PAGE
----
Europe: What to Do with America?

By Jean Dominique Giuliani

On 3 November the United States will be voting and a few days later we should know the successor to the unlikely president the country gave itself 4 years ago.
The overwhelming majority of Europeans do not want the incumbent to be re-elected.
If his challenger wins, the world, the Americans and their partners will gain a more polite, less unpredictable and certainly more sensible interlocutor. However, they would be wrong to believe that the transatlantic relationship will revert to what it was during the Cold War.
Challenged by the Chinese for world leadership, the United States has for some time now directed its gaze towards Asia and is more openly suspicious of a united Europe. It is too rich, too commercially successful, and even though its political and social model is less agile because it is fairer and more supportive, it has become an economic rival. If, moreover, it begins to weigh in on the international scene, to defend its interests there and thus to emancipate itself, it will quickly become an "enemy", which the current resident of the White House rather too hastily declared.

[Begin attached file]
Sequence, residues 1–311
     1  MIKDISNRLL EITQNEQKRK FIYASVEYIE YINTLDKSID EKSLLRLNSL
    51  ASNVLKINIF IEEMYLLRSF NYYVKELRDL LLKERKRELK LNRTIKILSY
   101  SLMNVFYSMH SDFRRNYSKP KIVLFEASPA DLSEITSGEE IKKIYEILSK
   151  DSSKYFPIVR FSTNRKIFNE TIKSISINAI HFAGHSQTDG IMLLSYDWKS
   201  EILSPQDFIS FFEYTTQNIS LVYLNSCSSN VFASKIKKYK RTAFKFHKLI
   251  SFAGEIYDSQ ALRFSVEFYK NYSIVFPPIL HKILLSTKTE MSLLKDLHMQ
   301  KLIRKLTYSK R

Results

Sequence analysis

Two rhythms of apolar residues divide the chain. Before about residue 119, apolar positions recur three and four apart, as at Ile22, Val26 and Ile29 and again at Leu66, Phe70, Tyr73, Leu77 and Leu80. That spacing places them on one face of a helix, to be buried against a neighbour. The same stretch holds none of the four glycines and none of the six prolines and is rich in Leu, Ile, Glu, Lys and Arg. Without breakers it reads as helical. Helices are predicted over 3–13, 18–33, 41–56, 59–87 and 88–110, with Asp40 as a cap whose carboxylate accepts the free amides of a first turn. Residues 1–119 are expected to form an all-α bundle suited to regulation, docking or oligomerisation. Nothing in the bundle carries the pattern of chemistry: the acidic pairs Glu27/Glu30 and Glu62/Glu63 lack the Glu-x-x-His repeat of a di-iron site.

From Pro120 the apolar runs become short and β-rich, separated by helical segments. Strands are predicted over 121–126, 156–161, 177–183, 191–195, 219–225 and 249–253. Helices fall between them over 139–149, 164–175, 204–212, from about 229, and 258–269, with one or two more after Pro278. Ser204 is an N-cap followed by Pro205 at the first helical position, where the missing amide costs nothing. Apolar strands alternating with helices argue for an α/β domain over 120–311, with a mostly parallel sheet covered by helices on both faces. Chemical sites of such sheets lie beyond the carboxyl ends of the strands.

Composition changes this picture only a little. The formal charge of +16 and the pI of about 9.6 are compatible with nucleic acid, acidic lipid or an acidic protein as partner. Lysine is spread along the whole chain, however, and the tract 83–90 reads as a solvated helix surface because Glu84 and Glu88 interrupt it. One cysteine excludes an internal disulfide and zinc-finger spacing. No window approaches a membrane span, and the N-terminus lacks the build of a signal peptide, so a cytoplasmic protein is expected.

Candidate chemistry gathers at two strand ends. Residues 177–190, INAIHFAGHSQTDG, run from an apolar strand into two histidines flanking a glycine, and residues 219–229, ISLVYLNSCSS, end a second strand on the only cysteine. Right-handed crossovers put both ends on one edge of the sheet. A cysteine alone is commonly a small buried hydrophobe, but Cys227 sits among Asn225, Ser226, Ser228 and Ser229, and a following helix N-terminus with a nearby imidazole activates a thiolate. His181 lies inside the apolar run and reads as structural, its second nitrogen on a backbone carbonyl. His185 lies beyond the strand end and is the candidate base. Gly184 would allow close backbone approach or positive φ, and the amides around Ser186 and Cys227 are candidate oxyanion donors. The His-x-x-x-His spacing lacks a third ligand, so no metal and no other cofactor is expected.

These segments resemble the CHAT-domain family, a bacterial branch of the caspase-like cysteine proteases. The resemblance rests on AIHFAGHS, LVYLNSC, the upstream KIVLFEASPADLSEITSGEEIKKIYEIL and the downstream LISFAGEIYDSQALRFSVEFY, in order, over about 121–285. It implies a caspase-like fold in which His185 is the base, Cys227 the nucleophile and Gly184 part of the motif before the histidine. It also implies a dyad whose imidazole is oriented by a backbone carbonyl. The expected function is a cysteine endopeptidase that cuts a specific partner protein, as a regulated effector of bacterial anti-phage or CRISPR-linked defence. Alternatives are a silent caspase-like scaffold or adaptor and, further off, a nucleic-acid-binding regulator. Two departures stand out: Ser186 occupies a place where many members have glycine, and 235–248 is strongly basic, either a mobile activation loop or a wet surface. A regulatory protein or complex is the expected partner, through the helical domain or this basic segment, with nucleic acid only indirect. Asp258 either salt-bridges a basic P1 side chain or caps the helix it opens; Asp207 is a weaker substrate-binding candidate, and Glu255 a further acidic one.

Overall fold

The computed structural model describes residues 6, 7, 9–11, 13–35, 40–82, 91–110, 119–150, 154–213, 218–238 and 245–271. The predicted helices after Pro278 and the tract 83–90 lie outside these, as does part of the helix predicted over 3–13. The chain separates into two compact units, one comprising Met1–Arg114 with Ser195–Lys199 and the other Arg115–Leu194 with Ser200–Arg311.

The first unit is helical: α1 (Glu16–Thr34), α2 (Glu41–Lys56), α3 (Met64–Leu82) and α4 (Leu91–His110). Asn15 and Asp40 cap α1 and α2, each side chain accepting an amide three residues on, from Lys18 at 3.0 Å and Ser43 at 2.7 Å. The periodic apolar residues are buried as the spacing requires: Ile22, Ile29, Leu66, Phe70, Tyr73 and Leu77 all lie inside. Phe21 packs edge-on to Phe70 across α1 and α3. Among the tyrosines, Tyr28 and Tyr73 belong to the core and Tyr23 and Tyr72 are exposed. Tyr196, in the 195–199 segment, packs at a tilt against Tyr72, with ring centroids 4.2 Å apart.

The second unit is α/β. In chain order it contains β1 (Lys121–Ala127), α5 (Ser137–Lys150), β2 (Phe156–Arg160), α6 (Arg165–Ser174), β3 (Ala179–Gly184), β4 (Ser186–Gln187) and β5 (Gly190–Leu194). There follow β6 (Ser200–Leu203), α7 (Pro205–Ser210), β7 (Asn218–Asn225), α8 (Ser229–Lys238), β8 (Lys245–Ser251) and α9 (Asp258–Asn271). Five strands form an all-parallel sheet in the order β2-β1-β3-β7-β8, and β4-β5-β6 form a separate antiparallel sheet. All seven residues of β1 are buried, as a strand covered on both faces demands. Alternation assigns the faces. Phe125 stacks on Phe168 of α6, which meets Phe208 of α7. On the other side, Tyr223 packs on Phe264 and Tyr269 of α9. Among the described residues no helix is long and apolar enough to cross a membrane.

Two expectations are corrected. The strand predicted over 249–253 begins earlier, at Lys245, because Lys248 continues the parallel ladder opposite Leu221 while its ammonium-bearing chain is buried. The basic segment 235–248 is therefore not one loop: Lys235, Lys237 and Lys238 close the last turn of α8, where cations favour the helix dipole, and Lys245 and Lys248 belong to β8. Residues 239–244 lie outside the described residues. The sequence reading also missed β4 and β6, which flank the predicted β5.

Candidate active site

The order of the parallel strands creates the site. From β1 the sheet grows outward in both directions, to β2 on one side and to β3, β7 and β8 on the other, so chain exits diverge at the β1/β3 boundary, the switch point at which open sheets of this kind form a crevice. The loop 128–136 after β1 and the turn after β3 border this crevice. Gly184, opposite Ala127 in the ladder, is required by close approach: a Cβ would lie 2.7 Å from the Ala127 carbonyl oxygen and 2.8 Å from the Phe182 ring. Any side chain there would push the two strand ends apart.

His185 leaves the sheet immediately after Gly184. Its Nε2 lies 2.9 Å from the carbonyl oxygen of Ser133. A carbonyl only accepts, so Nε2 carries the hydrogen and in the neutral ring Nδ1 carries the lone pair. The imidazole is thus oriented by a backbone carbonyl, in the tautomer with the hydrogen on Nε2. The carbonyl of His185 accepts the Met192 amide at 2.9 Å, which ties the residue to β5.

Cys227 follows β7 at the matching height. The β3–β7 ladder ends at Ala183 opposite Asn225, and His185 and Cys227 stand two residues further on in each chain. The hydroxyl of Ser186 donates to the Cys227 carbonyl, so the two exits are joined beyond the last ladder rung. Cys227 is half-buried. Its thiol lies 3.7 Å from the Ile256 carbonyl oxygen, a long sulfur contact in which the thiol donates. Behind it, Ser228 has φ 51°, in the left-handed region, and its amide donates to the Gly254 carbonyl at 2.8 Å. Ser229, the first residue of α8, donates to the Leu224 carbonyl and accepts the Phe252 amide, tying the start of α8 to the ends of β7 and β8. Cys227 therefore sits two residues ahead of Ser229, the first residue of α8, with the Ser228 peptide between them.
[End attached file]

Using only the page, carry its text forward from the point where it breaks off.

Whatever the American President and Congress, on the other side of the Atlantic, we are living in a time of withdrawal, sometimes aggressive nationalism and invasive egoism. This has led the Americans to maintain convenient enemies such as Russia, to turn a blind eye to dangerous partners such as Turkey, to try to impose American law outside its borders, to act unilaterally just about everywhere and to systematically undermine the semblance of international order that they themselves at first constructed.
We are far from the values that America once embodied: Freedom, Democracy and Human Rights. The United States has rejected the International Criminal Court and is even threatening it. It has withdrawn from UNESCO, from the UN Human Rights Committee, from the Paris Agreement, has not ratified the UN Convention on the Law of the Sea (Montego Bay), which it demands be applied by others, and so on.
Europeans are going to have to live for a long time to come with an uncooperative United States and must therefore learn to live with this powerful and difficult partner by trying to be themselves. They must, and if necessary, just a few of them, define what they want to do with America and not just wait for it to tell them what they are going to do. At the very least, there will have to be a frank and in-depth dialogue regarding the reality of these long-shared values and their contemporary interpretation.